Reportable neurologic diseases in refugee camps in 19 countries

Farrah J. Mateen, Marco Carone, Christopher Haskew, Paul Spiegel

Research output: Contribution to journalArticle

Abstract

Background: Approximately one-third of refugees worldwide live in refugee camps. Selected neurologic diseases are actively reported in some refugee camps. Methods: The United Nations High Commissioner for Refugees monitors health visits in refugee camps with the assistance of more than 25 partner organizations using standardized case definitions. Neurologic diseases were selected and searched for the years 2008 to 2011. The number of health care visits for a neurologic disease was calculated and divided by the aggregated number of reporting months available for each refugee camp ("visits per camp-month"). Results: Five neurologic diseases were reported from 127 refugee camps in 19 countries. Visits for chronic, noncommunicable diseases including epilepsy (53,941 visits in 1,426 camp-months, 48% female) and cerebrovascular disease (4,028 visits in 1,333 camp-months, 51% female) far exceeded those for neurologic infectious diseases (acute flaccid paralysis/poliomyelitis, 78 visits in 3,816 camp-months, 42% female; leprosy, 74 visits in 3,816 camp-months, 66% female; meningitis, 477 visits in 3,816 camp-months, 51% female). In 2011, these diseases accounted for 31,349 visits globally with 91% of visits for epilepsy. Conclusions: Targeted programs addressing epilepsy and stroke among refugees in camps should become a priority and indicate that other chronic neurologic diseases that may be under-or misdiagnosed may also be common in refugee camps. Given that significant under-reporting is likely, our findings demonstrate the pressing need for coordinated preventive and interventional measures for epilepsy and stroke in refugee camps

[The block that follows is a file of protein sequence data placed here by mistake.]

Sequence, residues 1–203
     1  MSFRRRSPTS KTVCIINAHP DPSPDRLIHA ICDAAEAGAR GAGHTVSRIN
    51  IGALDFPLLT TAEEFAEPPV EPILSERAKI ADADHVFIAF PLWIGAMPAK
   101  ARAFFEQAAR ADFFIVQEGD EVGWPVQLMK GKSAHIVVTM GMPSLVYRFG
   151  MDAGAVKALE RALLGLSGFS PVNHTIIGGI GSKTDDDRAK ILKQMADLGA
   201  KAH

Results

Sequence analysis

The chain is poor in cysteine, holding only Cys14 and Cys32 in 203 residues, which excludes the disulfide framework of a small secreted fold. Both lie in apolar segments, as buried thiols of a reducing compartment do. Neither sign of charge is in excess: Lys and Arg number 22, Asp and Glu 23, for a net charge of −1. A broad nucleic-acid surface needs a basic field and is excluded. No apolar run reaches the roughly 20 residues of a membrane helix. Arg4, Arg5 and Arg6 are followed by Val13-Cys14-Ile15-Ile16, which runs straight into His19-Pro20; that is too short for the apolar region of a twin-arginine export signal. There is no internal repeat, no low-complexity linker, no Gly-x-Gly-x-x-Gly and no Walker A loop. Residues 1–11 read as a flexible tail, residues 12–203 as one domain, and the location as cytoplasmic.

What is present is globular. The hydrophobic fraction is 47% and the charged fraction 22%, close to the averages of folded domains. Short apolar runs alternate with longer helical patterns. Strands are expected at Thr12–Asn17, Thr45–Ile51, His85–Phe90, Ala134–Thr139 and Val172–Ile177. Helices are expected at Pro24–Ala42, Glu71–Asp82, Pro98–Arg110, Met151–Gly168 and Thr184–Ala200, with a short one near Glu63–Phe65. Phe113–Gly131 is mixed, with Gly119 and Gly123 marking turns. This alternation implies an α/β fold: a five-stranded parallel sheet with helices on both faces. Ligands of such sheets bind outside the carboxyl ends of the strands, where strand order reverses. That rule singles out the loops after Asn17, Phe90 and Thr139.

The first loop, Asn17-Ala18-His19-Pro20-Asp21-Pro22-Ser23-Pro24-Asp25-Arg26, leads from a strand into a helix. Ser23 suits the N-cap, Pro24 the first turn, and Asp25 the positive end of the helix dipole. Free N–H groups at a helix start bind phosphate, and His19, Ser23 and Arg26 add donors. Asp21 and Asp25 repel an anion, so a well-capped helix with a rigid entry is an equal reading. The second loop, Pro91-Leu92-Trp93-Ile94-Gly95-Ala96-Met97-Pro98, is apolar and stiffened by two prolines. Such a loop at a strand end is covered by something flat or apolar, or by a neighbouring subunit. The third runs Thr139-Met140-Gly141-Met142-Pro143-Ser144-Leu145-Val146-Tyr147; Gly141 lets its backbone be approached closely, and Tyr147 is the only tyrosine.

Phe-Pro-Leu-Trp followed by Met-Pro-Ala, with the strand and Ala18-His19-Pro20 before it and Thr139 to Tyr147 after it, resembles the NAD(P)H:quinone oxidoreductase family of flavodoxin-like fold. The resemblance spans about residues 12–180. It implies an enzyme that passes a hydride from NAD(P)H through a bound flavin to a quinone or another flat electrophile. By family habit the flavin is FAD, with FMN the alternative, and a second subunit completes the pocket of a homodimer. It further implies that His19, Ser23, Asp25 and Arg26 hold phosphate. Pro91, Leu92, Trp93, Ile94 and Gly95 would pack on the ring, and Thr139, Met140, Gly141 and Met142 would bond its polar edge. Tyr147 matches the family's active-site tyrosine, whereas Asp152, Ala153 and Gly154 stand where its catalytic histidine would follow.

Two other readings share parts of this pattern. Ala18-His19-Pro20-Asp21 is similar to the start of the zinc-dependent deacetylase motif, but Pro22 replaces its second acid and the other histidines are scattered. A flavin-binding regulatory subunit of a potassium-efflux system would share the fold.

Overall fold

Original languageEnglish (US)
Pages (from-to)937-940
Number of pages4
JournalNeurology
Volume79
Issue number9
DOIs
StatePublished - Aug 28 2012
Externally publishedYes

ASJC Scopus subject areas

  • Clinical Neurology

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